Camp David, US | Saturday, August 19, 2023

The presidents of South Korea, Japan, and the United States came to an agreement at Camp David on Friday to strengthen their military and economic relations as well as to denounce China’s “dangerous and aggressive behavior” in the South China Sea.

In an effort to project unity in the face of China’s rising influence and North Korea’s nuclear threats, the Biden administration convened the summit with the leaders of the two biggest US allies in Asia, South Korean President Yoon Suk Yeol and Japanese Prime Minister Fumio Kishida.

The three nations agreed, in a joint summit statement, to swiftly confer with one another during emergencies and to coordinate their actions to regional difficulties, provocations, and dangers impacting shared interests.

They also agreed to share real-time information on North Korean missile launches by the end of 2023 and to perform yearly trilateral military training exercises. The nations agreed to regularly hold trilateral summits.

The political agreements do not amount to a formal three-way alliance, but they are a brave step for Seoul and Tokyo given their long-standing animosity toward one another due to Japan’s oppressive 1910–1945 colonial control of Korea.

The summit, which took place at the presidential retreat in Maryland, was the first separate gathering of the US, Japan, and South Korea. It was made possible by Yoon’s initiative for reconciliation and by a common perception of the dangers posed by China, North Korea, and Russia following their invasion of the Ukraine.

Stronger than anticipated words from the leaders on China stood out and is likely to elicit a response from Beijing, which is a crucial trading partner for both South Korea and Japan. According to the statement, “We strongly oppose any unilateral attempts to change the status quo in the waters of the Indo-Pacific due to the dangerous and aggressive behavior supporting unlawful maritime claims that we have recently witnessed by the People’s Republic of China (PRC) in the South China Sea.”

For foreign leaders, it was Biden’s first summit at Camp David, and he noted that the natural setting had long represented “the power of new beginnings and new possibilities.”

“If I seem like I’m happy, I am,” he told a joint news conference with Kishida and Yoon, calling it a “new era” for the three countries. “This has been a great, great meeting.”

‘Breathtaking’ diplomacy

Biden lauded the leaders for their political fortitude in pursuing a rapprochement while standing next to Kishida and Yoon. The world, he said, was “at an inflection point, where we’re called to lead in new ways, to work together, to stand together.”

Importantly, he continued, “We’ve all agreed to consult with one another promptly in response to threats to any one of our countries from wherever they originate. That means anytime there is a crisis in the region or impacting any one of our countries, we will have a hotline to share information and coordinate our responses.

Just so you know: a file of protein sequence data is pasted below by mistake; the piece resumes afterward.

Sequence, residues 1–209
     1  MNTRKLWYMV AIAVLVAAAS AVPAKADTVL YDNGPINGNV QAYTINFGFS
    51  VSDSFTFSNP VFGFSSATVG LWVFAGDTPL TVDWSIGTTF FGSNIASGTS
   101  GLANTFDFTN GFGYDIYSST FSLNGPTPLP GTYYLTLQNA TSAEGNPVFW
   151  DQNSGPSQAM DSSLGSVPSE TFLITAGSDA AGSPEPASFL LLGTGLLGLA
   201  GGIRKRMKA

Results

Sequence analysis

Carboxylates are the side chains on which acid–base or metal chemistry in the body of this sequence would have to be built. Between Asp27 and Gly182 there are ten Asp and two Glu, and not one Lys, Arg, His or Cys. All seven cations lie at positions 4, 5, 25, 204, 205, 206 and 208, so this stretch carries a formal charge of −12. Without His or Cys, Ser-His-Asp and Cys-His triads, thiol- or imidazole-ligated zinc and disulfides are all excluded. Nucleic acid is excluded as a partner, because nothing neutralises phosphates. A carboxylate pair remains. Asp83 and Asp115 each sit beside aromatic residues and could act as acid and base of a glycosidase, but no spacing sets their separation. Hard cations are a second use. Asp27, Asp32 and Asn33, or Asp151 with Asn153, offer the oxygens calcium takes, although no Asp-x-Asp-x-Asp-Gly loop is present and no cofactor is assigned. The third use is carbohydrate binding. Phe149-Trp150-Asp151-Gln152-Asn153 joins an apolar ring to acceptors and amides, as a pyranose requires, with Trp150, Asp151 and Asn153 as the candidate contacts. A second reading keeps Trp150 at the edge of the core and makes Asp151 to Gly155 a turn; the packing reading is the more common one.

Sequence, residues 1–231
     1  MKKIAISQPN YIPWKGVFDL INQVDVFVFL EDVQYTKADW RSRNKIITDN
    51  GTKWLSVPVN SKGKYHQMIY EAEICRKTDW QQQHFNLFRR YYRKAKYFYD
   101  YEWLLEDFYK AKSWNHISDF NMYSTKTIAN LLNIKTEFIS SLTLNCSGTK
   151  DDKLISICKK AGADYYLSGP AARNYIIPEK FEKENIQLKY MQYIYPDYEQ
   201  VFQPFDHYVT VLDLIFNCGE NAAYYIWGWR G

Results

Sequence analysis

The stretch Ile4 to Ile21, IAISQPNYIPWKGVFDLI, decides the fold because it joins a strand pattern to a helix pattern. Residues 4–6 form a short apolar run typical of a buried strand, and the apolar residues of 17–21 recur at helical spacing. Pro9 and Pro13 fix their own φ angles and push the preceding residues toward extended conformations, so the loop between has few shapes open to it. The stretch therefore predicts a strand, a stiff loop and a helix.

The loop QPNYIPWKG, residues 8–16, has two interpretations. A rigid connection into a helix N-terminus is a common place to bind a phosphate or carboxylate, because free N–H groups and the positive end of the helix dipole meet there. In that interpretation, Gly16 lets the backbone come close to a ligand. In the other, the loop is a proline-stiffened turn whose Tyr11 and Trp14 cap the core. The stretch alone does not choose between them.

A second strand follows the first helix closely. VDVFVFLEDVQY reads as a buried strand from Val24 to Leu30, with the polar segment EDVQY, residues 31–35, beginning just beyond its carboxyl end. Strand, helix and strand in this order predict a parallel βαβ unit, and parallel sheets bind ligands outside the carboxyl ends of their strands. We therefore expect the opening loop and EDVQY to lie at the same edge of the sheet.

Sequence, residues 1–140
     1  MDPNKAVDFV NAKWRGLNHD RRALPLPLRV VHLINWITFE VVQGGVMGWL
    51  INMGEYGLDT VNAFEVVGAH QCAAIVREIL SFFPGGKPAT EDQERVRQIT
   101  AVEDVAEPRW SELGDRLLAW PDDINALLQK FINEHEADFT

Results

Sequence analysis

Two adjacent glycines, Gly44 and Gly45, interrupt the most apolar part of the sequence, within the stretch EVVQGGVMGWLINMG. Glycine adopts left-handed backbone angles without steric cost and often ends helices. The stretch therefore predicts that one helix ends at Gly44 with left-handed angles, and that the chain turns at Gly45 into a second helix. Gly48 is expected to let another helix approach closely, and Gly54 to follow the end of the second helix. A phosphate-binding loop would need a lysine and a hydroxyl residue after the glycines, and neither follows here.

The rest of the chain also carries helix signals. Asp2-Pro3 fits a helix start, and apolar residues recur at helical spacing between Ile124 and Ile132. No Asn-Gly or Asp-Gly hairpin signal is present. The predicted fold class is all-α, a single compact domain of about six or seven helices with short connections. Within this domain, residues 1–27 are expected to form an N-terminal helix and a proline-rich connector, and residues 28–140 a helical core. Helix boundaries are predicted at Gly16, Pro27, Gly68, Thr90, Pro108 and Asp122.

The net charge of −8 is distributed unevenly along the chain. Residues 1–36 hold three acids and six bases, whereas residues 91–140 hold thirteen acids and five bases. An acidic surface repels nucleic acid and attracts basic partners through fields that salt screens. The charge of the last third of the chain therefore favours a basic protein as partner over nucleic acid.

Together, Biden added, “we’re going to defend international law and fight coercion.” Kishisa stated, “Unilateral attempts to change the status quo by force in the East and South China Seas are continuing,” and added that the North Korean nuclear and missile threat was “only becoming ever larger.” He avoided naming China by name in his statement.

According to the summit agreement, “any provocations or attacks against any one of our three countries will trigger a decision-making process of this trilateral framework and our solidarity will become even stronger and harder,” Yoon stated.

US officials claim that one of the reasons the three nations are not currently pursuing a three-way mutual-defense pact similar to those Washington has separately with both Seoul and Tokyo – who are not themselves recognized allies – is because of leftover historical baggage.

The conference, according to Kurt Campbell, Biden’s coordinator for Indo-Pacific affairs, was made possible by Yoon and Kishida’s “awesome kind of diplomacy,” which at times “went against the advice of their own counselors and staff.”

China views summit warily

Beijing has expressed concern that US initiatives to deepen ties with South Korea and Japan may “increase tension and confrontation in the region.” China claims that Washington is attempting to diplomatically isolate and militarily encircle it, despite the desire of South Korea, Japan, and the United States to avoid offending Beijing.

When asked about the accusations made by China, Jake Sullivan, Biden’s national security adviser, responded to reporters that the aim was “explicitly not a NATO for the Pacific” and that a trilateral alliance had not been defined as an explicit goal.

The White House wants to make the advancements between South Korea and Japan difficult to reverse by institutionalizing routine collaboration across the board in light of the impending elections. Biden, an 80-year-old Democrat running for re-election in 2024, would certainly face Republican former President Donald Trump, who has questioned whether Washington gains anything from its long-standing military and economic partnerships.

Both South Korea and Japan must hold elections for their legislatures before October 2025, and voters in both countries continue to be divided over the still-fragile rapprochement between the two countries.

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